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As Reading grew, so did the church.  New buildings were built, and the area around it became a city.  Property in the city became much more valuable.  In January 1866, the consistory proposed to close the cemetery and sell the land to raise money for a building project.  The congregation rejected the proposal.  In August 1866, the proposal was reintroduced and approved by the congregation.  In February 1869, an act of the legislature was requested, passed, and signed by the Governor to authorize the plan.  Legal attempts to block the plan were unsuccessful.  According to History of the Reformed Church in Reading, Pennsylvania by Daniel Miller, 1905: “All persons who had friends buried on the graveyard had the privilege of removing them.  Those not removed were to be removed by the committee, under the direction of the consistory.”  During the summer of 1869, the dead were removed from the cemetery.  Those not claimed were reburied at a beautiful private cemetery in Reading, Charles Evans Cemetery.  The church received a substantial discount from the cemetery, helping to make the transaction profitable for the building fund.  Notes at HSBC indicate that only a partial listing of those transferred exists, but employees at Charles Evans insist that all graves have names in their records, and there are no Klingers.  Unfortunately, all of the stones are badly weathered, with only a few names fully legible.  From pieces of names and dates still showing, I can eliminate many of the stones from consideration.  Assuming that Alexander and Anna would be buried together, there are only two pairs of stones that could be them, and only one pair with the shape of both stones matching each other and the basic shape of Johannes Klinger’s stone from 1800 at Klinger’s Church in Erdman.  None of these stones have any writing legible, so it would be a big stretch to draw any conclusion.  Below is a photo I took of the First Reformed section in Charles Evans Cemetery.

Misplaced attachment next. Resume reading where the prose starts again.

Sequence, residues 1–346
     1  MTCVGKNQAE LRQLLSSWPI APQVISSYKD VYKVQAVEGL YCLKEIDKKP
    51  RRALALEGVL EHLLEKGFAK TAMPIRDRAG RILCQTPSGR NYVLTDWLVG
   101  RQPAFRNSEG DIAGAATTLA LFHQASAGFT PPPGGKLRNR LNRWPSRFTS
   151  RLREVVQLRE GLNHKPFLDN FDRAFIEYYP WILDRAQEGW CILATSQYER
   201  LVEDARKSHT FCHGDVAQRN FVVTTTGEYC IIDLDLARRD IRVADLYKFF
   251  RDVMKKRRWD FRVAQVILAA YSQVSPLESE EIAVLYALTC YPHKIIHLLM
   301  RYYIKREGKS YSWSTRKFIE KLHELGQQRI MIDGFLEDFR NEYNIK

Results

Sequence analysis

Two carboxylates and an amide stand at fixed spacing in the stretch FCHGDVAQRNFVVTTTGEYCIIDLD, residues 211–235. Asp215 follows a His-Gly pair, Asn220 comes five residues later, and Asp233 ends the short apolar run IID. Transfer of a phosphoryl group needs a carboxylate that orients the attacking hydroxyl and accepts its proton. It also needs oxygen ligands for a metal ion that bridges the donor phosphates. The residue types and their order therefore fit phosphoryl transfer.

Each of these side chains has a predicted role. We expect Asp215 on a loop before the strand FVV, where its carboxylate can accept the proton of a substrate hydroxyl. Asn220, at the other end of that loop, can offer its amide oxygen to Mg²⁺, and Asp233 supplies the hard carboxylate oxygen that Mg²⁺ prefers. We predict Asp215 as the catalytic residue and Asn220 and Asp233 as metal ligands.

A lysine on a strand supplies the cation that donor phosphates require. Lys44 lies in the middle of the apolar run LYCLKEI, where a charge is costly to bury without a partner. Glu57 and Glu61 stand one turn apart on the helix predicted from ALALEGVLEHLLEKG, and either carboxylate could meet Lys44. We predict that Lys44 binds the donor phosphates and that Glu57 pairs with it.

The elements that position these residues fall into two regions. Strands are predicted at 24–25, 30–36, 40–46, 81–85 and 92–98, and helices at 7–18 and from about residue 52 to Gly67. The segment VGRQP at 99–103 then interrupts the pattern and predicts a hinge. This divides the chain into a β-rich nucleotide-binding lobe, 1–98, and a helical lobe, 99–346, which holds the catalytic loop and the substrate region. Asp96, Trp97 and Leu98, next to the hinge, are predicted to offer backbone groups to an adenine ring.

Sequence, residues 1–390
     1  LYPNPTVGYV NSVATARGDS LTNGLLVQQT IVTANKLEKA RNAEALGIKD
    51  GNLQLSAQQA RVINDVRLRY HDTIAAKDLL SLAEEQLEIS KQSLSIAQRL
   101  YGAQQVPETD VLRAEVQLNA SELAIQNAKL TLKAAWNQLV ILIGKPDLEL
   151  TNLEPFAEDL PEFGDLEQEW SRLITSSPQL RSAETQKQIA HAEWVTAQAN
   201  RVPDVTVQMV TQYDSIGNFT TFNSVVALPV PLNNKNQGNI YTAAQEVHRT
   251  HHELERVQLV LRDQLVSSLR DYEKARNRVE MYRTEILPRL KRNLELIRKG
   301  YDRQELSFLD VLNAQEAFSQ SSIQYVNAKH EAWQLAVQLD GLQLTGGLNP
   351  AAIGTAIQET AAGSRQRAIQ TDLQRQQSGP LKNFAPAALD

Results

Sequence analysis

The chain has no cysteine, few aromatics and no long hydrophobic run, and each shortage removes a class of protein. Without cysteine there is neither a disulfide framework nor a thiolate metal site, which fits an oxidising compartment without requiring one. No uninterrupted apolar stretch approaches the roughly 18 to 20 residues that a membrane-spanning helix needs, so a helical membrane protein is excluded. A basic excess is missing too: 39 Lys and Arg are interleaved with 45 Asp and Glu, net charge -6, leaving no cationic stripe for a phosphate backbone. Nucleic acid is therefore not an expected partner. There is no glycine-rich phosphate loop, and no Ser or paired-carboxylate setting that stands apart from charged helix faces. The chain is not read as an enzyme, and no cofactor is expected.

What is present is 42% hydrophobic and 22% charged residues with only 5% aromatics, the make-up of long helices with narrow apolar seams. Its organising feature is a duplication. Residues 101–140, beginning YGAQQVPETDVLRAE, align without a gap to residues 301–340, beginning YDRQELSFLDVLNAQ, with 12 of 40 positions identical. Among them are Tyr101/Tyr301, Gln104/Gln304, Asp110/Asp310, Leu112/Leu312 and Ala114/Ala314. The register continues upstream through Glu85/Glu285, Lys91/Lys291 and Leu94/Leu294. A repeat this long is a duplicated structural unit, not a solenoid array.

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I also found a record in an index of graves on the internet from the Daughters of the American Revolution.  They had a project to identify the graves of all patriots who served in the American Revolution, including those with militia active duty records, like Alexander.  It indicates that Alexander’s grave was found in a “private cemetery” in the Klingerstown area in 1949.  At the State Library, I checked the records that the DAR submitted to the US Congress, but there were no more useful details.  I also contacted the Harrisburg DAR, who filed the report on Alexander, but they didn’t provide any further information.  They said that in public cemeteries they left a bronze plaque, but in private cemeteries, sometimes they did and sometimes they didn’t.  With our families in the Klingerstown area using church cemeteries, I can’t imagine that someone would go to the effort and expense to move remains from Reading and not rebury them in a church cemetery.  Previous dedicated Klinger researchers working in the area, such as Irving, Mary, and Robert Klinger, and current researcher Steve Troutman, have no information on private Klinger burials to support even part of this claim.  DAR and SAR family information, by nature, sometimes gives the benefit of the doubt to questionable claims.  With so many Klingers with the same first names, including Alexander, it can be a lot of work to keep our ancestors straight.  Someone doing a casual search could quickly be in over their head.  In short, I am very skeptical of this claim.

 

At this point, I am out of ideas to proceed.  I welcome any suggestions.

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One Response to The Resting Place of Immigrant Alexander Klinger (1726-1802)

  1. Hi John, I enjoyed your posted article. Have you shared this information with Bianka Klinger of Germany? She does not have the internet. She will be visiting PA this summer, most likely as our guest part of the time. If you have any more Klinger research I hope you will share it with the Gratz Historical Society.